Integrated Electronics and Bio-interfaces Lab

Our research encompasses materials science and device physics for discovering, understanding, and tailoring the physical properties of electronic materials at micro, nano, and atomic scales. We are an experimental group homed by the ECE department at UC San Diego and we conduct both fundamental and applied research with unique expertise that spans materials growth of Ge and Si by CVD, Arsenide, Phosphide, and Nitride compound semiconductors by MOVPE, advanced fabrication of semiconductor devices using these materials for electronics, optoelectronics, energy and power applications, and bio-interface devices and platforms. Our ongoing projects include:

1. Structure-Property Correlation in Nanoscale Materials:
A primary theme of our research work is in-situ microscopy of novel nanoscale phenomena using Transmission Electron Microscopy (TEM) at the Center for Integrated Nanotechnologies (LANL/Sandia). Our group has recently discovered a number of novel nanoscale behaviors relevant to solid-state reactions at crystalline boundaries [48] and to electrochemical reactions in bandgap engineered devices [50]. We reported earlier on the alloy reactions between Ni and Ge/Si nano-channels [54] and are currently studying the kinetics, dynamics, and structural behavior of Ni-InGaAs for FinFET geometries. Our unique heterogeneous integration scheme allows us to study metal-semiconductor interactions and other solid-state or electrochemical reactions for a wide variety of geometries. The powerful basic science tools that we are developing are key for enabling future technologies in energy efficient electronics, energy harvesting and storage.

2. Understanding and Controlling the influence of Surfaces in Nanoscale PV Devices:
We have previously realized the first epitaxially grown radial Si solar cells with fine control over their doping/absorption profiles by epitaxial growth in CVD in a fab-compatible process [47]. The power conversion efficiencies of these devices was limited to 10%. We are impvoring the performance of our PV devices by understanding and controlling their surface and interface structure, and currently seed advanced thin crystalline and flexible films for efficient and economical energy PV device concepts.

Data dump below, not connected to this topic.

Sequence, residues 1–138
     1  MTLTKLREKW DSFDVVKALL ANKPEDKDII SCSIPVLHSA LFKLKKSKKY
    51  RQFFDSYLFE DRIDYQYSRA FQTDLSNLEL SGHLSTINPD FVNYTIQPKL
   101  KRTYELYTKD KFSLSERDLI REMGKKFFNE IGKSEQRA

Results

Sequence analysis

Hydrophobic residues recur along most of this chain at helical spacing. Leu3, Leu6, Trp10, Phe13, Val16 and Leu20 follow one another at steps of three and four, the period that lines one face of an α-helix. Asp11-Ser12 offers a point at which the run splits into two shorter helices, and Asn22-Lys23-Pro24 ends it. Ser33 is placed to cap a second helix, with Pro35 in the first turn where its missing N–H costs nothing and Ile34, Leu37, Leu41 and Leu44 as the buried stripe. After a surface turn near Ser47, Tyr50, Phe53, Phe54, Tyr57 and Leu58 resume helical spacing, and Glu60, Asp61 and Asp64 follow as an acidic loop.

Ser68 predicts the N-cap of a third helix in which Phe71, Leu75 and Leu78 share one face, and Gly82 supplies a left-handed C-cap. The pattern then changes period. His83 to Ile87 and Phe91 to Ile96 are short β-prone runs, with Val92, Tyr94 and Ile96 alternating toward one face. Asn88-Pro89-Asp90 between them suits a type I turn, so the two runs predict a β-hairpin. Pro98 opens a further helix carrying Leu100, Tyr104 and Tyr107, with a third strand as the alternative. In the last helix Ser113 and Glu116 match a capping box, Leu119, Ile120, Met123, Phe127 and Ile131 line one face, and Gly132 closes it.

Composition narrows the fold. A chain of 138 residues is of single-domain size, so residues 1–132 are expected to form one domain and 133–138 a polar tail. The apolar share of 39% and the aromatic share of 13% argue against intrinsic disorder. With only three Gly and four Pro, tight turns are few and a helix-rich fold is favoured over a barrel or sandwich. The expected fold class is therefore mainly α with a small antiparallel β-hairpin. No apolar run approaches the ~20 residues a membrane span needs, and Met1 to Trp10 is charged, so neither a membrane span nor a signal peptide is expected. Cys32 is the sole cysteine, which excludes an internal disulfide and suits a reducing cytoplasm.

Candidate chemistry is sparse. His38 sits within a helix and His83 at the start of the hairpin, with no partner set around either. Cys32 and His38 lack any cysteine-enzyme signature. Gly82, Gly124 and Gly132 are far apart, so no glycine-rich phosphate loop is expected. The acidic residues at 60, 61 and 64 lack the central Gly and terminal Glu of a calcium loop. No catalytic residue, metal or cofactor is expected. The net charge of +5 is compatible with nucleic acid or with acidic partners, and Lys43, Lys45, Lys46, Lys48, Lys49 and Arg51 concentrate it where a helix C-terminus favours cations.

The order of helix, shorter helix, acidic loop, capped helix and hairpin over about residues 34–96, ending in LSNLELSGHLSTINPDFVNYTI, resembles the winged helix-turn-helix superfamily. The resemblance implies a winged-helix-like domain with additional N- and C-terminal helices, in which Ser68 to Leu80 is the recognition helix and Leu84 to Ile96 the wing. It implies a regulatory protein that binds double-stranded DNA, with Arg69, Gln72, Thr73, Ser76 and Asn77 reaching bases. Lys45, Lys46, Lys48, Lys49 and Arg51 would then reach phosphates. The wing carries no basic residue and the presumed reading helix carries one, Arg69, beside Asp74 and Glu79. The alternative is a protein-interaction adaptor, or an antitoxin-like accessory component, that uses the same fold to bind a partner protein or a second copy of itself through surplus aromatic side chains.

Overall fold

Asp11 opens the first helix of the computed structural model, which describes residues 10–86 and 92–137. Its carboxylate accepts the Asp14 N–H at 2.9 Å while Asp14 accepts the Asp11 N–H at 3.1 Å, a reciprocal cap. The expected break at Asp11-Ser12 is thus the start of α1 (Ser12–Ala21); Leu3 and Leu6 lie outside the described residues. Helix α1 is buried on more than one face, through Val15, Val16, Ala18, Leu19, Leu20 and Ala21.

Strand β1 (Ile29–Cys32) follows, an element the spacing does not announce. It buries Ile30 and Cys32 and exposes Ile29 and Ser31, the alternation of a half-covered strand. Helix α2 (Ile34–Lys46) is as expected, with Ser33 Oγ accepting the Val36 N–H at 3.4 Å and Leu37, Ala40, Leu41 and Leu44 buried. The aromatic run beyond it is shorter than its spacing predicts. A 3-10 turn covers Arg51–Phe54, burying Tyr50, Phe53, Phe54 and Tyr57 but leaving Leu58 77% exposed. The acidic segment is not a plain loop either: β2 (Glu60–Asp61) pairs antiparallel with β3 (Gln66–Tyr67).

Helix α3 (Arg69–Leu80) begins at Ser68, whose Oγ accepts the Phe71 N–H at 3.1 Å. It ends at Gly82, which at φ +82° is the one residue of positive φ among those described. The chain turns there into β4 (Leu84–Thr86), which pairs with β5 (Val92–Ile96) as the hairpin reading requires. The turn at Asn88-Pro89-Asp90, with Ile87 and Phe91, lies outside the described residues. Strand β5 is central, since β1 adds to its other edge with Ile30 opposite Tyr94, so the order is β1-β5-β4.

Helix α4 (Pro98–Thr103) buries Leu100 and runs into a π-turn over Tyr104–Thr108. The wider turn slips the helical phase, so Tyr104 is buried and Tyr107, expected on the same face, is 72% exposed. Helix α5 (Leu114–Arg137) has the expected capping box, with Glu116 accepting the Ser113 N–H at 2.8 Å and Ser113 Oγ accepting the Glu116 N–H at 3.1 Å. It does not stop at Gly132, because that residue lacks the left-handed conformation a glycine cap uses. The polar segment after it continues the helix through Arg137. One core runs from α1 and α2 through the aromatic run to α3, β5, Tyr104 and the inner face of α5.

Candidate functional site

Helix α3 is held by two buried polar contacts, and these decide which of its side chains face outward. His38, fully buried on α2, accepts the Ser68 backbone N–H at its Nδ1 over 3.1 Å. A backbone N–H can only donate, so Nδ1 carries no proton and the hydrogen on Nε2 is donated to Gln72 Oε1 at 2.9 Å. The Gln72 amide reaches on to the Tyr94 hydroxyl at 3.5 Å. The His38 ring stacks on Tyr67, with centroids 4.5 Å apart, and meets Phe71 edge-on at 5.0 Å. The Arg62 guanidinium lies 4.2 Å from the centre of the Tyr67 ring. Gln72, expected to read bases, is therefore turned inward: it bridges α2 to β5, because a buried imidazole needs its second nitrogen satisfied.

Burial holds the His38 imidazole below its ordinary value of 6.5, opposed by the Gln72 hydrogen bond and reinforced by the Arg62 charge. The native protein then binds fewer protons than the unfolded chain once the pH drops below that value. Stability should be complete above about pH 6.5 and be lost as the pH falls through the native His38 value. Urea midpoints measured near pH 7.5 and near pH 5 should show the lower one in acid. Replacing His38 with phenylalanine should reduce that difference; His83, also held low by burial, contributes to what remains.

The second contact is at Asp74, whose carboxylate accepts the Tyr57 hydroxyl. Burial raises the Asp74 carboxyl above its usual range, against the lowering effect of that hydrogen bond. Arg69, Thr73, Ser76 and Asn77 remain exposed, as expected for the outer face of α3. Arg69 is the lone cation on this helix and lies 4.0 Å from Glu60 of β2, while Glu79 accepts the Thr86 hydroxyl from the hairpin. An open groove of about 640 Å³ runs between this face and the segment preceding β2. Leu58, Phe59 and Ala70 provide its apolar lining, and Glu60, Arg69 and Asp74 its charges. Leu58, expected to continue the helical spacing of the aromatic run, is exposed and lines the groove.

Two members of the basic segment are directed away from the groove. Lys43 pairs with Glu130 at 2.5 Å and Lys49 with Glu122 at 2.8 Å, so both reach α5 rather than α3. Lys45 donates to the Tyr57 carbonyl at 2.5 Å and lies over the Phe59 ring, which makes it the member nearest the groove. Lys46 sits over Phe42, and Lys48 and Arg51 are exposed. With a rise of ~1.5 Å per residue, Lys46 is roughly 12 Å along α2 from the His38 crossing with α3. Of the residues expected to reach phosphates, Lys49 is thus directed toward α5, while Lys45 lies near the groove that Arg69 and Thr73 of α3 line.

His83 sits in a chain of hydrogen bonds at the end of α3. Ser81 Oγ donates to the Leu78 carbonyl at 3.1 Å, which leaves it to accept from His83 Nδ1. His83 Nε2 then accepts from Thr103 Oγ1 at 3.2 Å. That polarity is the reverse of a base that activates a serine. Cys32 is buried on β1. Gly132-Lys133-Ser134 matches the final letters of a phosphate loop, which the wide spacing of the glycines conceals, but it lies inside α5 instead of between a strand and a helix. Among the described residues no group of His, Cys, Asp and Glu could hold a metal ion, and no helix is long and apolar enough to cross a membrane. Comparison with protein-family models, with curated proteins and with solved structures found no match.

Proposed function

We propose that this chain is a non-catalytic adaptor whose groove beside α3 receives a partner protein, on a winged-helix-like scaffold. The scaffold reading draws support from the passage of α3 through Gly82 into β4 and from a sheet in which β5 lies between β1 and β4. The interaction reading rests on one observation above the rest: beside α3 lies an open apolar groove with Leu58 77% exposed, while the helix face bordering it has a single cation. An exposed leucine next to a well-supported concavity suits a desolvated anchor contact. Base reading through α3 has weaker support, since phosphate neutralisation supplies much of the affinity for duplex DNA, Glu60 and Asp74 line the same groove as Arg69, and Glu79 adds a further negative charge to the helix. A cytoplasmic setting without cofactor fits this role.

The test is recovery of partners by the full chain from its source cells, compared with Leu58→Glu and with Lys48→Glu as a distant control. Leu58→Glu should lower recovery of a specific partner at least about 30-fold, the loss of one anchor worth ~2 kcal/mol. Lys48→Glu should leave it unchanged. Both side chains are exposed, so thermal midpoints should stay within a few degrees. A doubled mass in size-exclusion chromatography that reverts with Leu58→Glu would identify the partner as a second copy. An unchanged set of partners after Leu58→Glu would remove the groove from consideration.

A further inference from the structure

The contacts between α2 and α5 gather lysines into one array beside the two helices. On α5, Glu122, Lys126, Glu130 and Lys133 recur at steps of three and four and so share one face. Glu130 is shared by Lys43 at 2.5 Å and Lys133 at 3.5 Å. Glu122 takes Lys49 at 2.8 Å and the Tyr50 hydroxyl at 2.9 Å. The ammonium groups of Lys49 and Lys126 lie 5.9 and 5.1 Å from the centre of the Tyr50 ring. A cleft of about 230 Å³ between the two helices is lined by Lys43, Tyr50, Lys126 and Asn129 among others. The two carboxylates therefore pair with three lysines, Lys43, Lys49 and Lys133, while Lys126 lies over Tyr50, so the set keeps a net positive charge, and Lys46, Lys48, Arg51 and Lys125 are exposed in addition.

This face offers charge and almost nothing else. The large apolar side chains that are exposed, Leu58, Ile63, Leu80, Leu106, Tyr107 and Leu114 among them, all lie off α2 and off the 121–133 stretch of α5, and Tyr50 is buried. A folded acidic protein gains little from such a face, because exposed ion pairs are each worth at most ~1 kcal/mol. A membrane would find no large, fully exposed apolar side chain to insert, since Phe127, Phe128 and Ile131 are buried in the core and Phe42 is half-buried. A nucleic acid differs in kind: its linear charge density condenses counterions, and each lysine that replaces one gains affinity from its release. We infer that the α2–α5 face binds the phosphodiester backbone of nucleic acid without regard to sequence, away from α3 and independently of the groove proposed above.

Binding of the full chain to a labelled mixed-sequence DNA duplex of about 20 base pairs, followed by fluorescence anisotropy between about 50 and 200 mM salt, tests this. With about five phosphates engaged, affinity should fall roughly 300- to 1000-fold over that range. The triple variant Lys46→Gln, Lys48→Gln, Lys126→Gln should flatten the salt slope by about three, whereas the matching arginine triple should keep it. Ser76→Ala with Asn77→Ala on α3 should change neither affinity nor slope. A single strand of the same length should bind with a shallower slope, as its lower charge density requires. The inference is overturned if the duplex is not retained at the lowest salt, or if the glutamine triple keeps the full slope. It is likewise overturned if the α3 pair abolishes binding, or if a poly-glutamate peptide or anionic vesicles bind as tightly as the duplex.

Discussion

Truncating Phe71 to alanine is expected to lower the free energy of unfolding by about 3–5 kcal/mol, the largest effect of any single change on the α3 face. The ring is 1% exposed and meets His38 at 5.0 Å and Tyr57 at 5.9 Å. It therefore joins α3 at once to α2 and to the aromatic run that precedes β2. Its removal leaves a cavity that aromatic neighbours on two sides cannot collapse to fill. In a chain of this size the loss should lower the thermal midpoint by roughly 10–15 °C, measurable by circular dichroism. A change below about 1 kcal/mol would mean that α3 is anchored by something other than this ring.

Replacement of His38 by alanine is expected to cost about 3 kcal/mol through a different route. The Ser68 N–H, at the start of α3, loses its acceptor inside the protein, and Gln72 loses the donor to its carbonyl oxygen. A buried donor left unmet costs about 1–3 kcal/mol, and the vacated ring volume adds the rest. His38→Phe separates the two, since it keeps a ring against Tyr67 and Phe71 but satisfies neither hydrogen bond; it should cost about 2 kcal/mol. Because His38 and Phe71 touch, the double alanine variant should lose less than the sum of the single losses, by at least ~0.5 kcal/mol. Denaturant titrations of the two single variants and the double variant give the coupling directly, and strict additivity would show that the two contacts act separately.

3. Transistor Channels for future Technology Node: We are developing contact and channel technologies that can assist in realizing sub-10 nm channel lengths in future technology nodes. Our work focused in the past on nanowire channels and we are currently bridging the gap between InGaAs FinFETs and future technology nodes on the materials, device, and integration levels. The NiInGaAs has been touted as a self-aligned low resistance ohmic contact to InGaAs channels, but little is known about the interface structural and morphological properties for different orientations and Fin widths. We developed platforms that enable studying these alloy interactions. We also reported the first InGaAs FinFETs on Si substrates by silicide wafer bonding [55]. We are currently pursuing contact engineering for enhanced device performance and have set the grounds for the monolithic integration of III-V channels on Si.

4. GaN for High Power Electronics: We are studing the selective area growth on GaN on Si and were recently successful in growing over 12 micron thick GaN on Si without cracking. We believe that our technology when matured over the high power device level, can be disruptive for high power devices with significant energy saving costs. We are utlizing other novel growth geometires for high power switches. These projects are in collaboration with Profs. Paul K. L. Yu and Prof. Peter M. Asbeck.

5. Electro-Neural Interfaces: We are deeply interested in the development of technologies that are capable of high spatio-temporal mapping and stimulating of neural activity and of simultaneously uncovering details of subcellular processes from a  large population of neurons in a neural network. Our devices are projected to have the capacity of targeted and programmable drug delivery, and our integration technology enable multi-modal interfaces at high densities. We have significant efforts on flexible and conformal interfaces that are envisioned to increase the spatiotemporal resolution of neural probes.

6. Flexible Electronics: We have extensive expertise in the development of sensors [1] and electronics on flexible substrates. These devices can be used for health-monitoring and intervention, and our integration scheme allows realization of high speed and bit data rate transmission for wearable electronics.

7. Extending Coherency Limits on Engineered Substrates: There have been many demonstrations in the literature for the growth of heteroepitaxial materials in the nanowire core/shell form. We have developed growth techniques for the in-situ CVD epitaxial growth of crytalline core/shell nanowires without the requirement of chemical and/or thermal treatements [32, 33]. These techniques allowed us to to experimentally demonstrate and measure higher critical thicknesses in the heteroepitaxy of lattice mismatched materials on nanowire 'substrates' [44] for the first time. Our group's efforts are currently tailored toward the growth of III-V compound semiconductor materials on Si through novel approaches and geometries.